A Brief Guide to Supreme’s Latest Collaborator Mike Kelley
On Monday, Supreme unveiled its latest collaboration, this time with the late visual artist Mike Kelley.
Supreme has a long history of working with iconic artists, most recently Nan Goldin and Cindy Sherman, so Kelley is an obvious choice for the brand to collaborate with. Born in Michigan in 1954, Kelley became a vital fixture in the Detroit punk scene with his band Destroy All Monsters, before moving to LA and focusing on visual art.
Kelley died by suicide in 2012 at the age of 57. His New York Times obituary called him “one of the most influential American artists of the past quarter century” as well as “pungent commentator on American class, popular culture and youthful rebellion.”
His work breaks down the idea that an artist is tied to a single medium. Instead, Kelley explored ideas of childhood, trauma, and high vs low art through performance, collage, drawing, and sculpture and more. Because of this, its hard to succinctly sum up Kelley’s work, but below we break down all the pieces used in the Supreme collaboration.
Kelley is best-known for his pieces that use found-object stuffed animals. His first piece using repurposed toys was his 1987 work More Love Hours Than Can Ever Be Repaid, which is widely considered his masterpiece.
Supreme put the piece on an all-over print button-up shirt and hoodie, but the original artwork was a collage that from far away could easily be mistaken for an Abstract Expressionist painting. Closer up, the work is made from an assortment of blankets and stuffed toys that Kelley found in thrift stores. As The Whitney puts it, Kelley “transformed the orphaned handicrafts into a swirling mass of unrequited affection that is beyond human reciprocation.”
The title More Love Hours Than Can Ever Be Repaid gives a hint as to what the piece is about: love and what it means when we give it away. The New Yorker even goes as far as saying the piece “evokes the tearstained dedication of a million aunts and grannies of kids who learn to hate themselves for not being sufficiently appreciative.” That’s a lot of emotions for one shirt.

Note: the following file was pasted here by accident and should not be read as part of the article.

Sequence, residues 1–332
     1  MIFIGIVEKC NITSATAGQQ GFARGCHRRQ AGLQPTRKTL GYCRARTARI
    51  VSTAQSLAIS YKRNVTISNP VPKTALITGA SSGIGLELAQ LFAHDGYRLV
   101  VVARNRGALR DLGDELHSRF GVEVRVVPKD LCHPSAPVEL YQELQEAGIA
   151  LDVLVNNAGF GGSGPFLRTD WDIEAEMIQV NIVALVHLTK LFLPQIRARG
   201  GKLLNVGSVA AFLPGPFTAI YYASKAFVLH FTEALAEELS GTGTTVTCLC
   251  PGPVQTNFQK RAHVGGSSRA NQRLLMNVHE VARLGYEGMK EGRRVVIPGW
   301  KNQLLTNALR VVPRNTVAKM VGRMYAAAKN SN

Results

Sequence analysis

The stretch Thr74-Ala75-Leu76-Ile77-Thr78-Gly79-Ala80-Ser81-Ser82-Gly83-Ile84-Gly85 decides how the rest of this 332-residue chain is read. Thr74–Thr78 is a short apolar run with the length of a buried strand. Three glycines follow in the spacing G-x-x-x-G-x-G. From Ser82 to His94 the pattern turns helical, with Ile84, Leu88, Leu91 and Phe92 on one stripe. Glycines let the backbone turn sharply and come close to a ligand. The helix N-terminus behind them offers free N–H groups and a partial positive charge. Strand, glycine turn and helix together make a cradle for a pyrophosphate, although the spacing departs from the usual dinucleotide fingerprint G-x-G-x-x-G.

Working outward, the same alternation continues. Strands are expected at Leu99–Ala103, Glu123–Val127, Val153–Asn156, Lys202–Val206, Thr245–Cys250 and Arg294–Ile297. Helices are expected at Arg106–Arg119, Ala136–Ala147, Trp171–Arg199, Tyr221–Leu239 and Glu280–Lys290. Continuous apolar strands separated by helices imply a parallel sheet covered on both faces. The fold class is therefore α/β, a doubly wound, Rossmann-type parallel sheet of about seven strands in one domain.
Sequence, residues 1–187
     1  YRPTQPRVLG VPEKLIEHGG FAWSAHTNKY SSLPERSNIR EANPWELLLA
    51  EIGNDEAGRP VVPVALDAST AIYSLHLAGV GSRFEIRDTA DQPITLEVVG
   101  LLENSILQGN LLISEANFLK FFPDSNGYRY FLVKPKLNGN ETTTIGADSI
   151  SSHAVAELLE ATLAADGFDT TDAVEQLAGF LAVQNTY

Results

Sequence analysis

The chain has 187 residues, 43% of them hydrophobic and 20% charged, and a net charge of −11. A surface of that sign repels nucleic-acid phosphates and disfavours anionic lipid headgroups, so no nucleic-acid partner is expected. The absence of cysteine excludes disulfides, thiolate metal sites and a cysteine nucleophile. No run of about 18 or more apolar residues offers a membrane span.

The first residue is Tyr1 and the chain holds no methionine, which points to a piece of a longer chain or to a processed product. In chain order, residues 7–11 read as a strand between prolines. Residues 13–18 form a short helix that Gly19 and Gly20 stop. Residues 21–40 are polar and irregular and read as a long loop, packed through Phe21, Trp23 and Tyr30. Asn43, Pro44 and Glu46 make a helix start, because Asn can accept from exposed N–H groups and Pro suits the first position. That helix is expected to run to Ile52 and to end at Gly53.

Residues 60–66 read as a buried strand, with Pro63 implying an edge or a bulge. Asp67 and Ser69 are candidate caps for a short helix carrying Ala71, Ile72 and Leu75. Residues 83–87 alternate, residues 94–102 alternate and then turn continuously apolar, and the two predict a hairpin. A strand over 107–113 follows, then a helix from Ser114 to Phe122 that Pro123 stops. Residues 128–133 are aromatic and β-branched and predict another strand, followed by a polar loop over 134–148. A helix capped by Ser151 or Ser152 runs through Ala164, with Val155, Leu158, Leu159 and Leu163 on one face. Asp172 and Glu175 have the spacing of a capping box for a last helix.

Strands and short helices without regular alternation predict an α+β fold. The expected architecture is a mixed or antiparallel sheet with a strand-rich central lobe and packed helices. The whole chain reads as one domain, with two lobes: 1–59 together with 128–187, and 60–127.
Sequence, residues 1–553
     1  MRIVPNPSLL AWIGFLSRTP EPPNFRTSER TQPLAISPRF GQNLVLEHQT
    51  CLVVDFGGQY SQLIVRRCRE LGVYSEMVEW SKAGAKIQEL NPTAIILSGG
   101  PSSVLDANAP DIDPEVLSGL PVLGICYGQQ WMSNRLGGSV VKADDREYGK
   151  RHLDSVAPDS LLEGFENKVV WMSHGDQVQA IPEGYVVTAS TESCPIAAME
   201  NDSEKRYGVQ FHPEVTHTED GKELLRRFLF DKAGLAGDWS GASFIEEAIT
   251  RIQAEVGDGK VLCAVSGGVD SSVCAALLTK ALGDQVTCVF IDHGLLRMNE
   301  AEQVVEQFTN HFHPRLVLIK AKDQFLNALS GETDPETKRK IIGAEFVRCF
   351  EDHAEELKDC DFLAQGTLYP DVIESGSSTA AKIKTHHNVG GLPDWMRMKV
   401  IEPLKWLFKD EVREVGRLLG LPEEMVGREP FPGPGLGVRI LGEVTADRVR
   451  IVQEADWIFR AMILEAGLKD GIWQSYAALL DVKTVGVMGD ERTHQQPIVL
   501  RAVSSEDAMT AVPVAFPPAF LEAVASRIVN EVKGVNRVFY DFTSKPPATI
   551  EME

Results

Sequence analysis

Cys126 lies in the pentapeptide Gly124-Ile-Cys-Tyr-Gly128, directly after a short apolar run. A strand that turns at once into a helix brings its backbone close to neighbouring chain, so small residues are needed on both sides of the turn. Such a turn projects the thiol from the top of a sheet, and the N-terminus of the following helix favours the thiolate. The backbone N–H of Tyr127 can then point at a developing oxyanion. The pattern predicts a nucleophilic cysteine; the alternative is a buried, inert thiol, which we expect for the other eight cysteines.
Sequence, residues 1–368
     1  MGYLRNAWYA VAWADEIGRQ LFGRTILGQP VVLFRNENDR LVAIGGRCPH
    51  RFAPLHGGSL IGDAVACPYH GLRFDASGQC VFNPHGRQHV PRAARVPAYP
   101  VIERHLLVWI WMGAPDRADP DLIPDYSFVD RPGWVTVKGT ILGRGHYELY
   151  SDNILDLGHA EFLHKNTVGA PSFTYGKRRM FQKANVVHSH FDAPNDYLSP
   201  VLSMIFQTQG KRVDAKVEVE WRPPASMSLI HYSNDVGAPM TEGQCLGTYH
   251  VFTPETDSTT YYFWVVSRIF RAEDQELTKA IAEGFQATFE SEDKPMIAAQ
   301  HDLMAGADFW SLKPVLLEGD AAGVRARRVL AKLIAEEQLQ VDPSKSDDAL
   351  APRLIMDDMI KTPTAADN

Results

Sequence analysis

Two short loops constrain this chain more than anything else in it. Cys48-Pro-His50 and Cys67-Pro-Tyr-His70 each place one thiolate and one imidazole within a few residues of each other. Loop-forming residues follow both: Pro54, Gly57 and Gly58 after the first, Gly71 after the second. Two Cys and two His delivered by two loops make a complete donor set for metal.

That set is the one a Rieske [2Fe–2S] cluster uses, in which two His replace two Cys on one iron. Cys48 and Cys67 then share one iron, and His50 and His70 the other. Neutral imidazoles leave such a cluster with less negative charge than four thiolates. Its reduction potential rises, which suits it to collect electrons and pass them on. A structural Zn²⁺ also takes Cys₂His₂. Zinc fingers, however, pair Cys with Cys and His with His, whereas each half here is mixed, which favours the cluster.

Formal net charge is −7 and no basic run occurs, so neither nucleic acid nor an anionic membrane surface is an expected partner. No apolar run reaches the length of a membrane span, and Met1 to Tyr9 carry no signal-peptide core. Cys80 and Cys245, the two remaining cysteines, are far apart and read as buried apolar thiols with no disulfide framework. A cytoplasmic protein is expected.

More Love Hours Than Can Ever Be Repaid may be the first piece using this medium, but Kelley’s 1991 series Ahh…Youth! is his most recognizable work in pop culture, thanks largely to Sonic Youth, who chose one of the images to cover their 1992 album Dirty. That wasn’t the first time the iconic band worked with Kelley — they previously took part in his 1985 performance entitled Plato’s Cave, Rothko’s Chapel, Lincoln’s Profile.
The Ahh…Youth! series consists of eight mugshot-meets high school yearbook photos. Seven show worn stuffed or knitted animals, while the eighth features Kelley’s real-life high school yearbook photo. Supreme recreated the series across eight skateboard decks, as well as printing it on sweatshirts, shirts, and T-shirts.
The framing of the toys — alongside their worn, slightly disfigured appearances — suggested a darker side to the objects, something that is a theme through the artist’s work.
Supreme’s collab also includes a selection of Kelley’s drawn-over historical images, including Franklin Signing the Treaty of Alliance with the French Officials, The Empire State Building, and Hiding From Indians, which form part of Kelley’s Reconstructed History series.
On first look, the images seem like something out of a textbook, and they were actually taken out of old school books. But a closer look reveals the images are drawn-over with juvenile, lewd images, in a similar way to how books today are defaced by bored students. These images act as a throwback to schooldays, while also questioning the significance of what is being taught in the education system.
To find out more about Mike Kelley’s work, head over to The Mike Kelley Foundation For The Arts.
In other style news, Carne Bollente is making sex-positive streetwear.
Berlin-based writer and Rihanna enthusiast.